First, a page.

The Crazy Rich Interiors in Crazy Rich Asians
Here's everything you need to know about the lavish sets seen in the latest hit movie Crazy Rich Asians
The highly-anticipated movie adaptation of Kevin Kwan’s bestselling novel, Crazy Rich Asians, is hitting Philippine theaters today, and already it has been making a lot of buzz online, not just for its impressive cast and cultural impact, but also for its crazy rich production.
The film, directed by Jon M. Chu, follows Rachel Chu (played by Constance Wu), a native New Yorker, who accompanies her boyfriend Nick Young (played by Henry Golding) to his native Singapore for the summer, where they will attend his best friend’s wedding. Rachel quickly learns that Nick actually belongs to one of the country’s wealthiest families, and that there are many people trying to destroy their relationship—one of whom is Nick’s mother, Eleanor Young (played by Michelle Yeoh). Throughout the film, Rachel navigates Nick’s world of extravagance and opulence, and struggles to not only save her relationship with Nick but also stay true to herself.
Even before its release in the U.S., the film has been a hot topic all over the world. It is not only the film’s important impact on the issue of the representation of Asians in Hollywood that people have been noticing; many have also been noting the lavish costume and production design of the film.
Here, the director and the movie's production designer John Coates shares how they created the stunning visuals in the film.
Interiors with a unique visual blend of culture and tradition
From the outset, it was clear to the filmmakers that the movie absolutely needed to be shot in Singapore. Producer Brad Simpson claims that this factor was “non-negotiable”—a sentiment echoed by the director, Jon M. Chu. “The texture of our movie, its escapism, comes from the fact that we really shot in these places,” Chu shares. “Everywhere we pointed the camera, we found something special. It’s a unique blend of cultures.”
There is perhaps no set which exhibits this “unique blend of cultures” more than the set created by production designer Nelson Coates and his team to serve as the fictional Young family’s ancestral estate. The team utilized Singapore’s Tyersall Park, a historical estate located near the Singapore Botanical Gardens. Specifically, two other mansions located in Kuala Lumpur, collectively known as Carcosa Sera Negara, were transformed into the magnificent mansion.
To create a design that would exude that sense of rich history, Coates researched on Peranakan culture. According to Traveller.com.au, the Peranakans are people who descended from marriages between Chinese or Indian men and local Malay or Indonesian women from the Malay archipelago. Peranakan culture is a hybrid of these cultures combined with colonial Portuguese, Dutch, and Indonesian influences. As a result of these unique cultural fusions, the design created by Coates comprised of floral or animal ornamentations, louvered shuttering, and glazed ceramic tiles, among others. The team made major repairs to the floors, stairs, walls, and roofs of the mansions. The Seri Negara, which was used for its exteriors, underwent landscaping and repainting, into the Singaporean style of white walls and intricate detailing.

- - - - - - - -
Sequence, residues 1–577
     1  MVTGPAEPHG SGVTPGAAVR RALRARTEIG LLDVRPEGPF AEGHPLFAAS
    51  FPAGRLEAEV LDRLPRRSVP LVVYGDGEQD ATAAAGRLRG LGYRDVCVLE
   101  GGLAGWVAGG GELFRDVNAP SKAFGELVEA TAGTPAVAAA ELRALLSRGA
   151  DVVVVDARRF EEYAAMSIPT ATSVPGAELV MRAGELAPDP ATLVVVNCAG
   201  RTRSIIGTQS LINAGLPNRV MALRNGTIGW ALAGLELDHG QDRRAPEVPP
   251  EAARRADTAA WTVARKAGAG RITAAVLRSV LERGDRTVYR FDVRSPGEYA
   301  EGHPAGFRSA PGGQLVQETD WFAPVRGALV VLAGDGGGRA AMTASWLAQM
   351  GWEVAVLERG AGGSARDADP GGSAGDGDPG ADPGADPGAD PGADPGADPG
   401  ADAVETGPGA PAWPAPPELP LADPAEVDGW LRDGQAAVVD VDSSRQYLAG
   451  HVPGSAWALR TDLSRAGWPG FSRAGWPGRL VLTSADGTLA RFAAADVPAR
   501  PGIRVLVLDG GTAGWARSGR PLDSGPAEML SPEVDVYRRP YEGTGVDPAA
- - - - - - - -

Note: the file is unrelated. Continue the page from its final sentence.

The other mansion, Carcosa, also underwent major transformations, specifically in its interiors. Going with the concept of “old-school grandeur,” Coates shares. “We wanted the interiors to feel regal, with a restrained beauty and formality. There’s symmetry to the furniture, as in many Peranakan homes, but it’s a home that’s been lived in and seen lots of children come and go. Jon was very keen for the house to be accessible, so the palette and the way the rooms flow into each other was important.” To achieve this effect, Coates’s team used huge archways, and augmented everything with moldings, wallpapers, paint, glazing, and gliding. And as we can see, the result was incredible.
The painstaking attention to detail and authenticity is evident in every room of the Young estate. The dining room features a hand-painted mural depicting Singaporean life in muted hues against a teal background. The entrance hall features a green staircase and is decorated with a Morris-style wallpaper and a life-size tiger designed by Coates himself. Family heirlooms, Peranakan furniture, hand-blown glass and artworks are interspersed throughout the space. Even the conservatory owned by the matriarch of the Young family, Ah Ma (played by Lisa Lu), is just as opulent: a breathtaking blend of Chinese and colonial design, the conservatory features, among others, carved louvered doors, decorative walls, and floors laid with Peranakan-style tiles.
“A wedding like you’ve never seen before”
But aside from the luxurious Young family estate, the film showcases another visual masterpiece: the wedding of Nick’s best friend. Shot in CHIJMES, a historic building complex containing restaurants and bars, the $40 million wedding scene is dubbed the real showpiece of the movie, and it is not difficult to see why. The aisle is lined with swaying green fronds and multi-colored orchids and bromeliads, leading to a stone Chinese Moon Gate (below). The wedding guests are seated on velvet couches set in a meadow of three-foot-tall grasses. Indeed, in the words of director Jon Chu: “This had to be a wedding like you’ve never seen before.”
Coates also talks about the other elements present in the wedding. “It’s an explosion of nature you wouldn’t expect in a church,” he shares. “We wanted it to be subtle and have a touch of classicism, so there are 8-foot bamboo fans with the classic wedding imagery of the phoenix and dragon, and traditional hand-painted lanterns with the bride’s and groom’s names and scenes of prosperity and fertility—each painted by a master who took three weeks for each lantern.”
Crazy Rich Asians opens in Philippine cinemas August 22.
More on Realliving.com.ph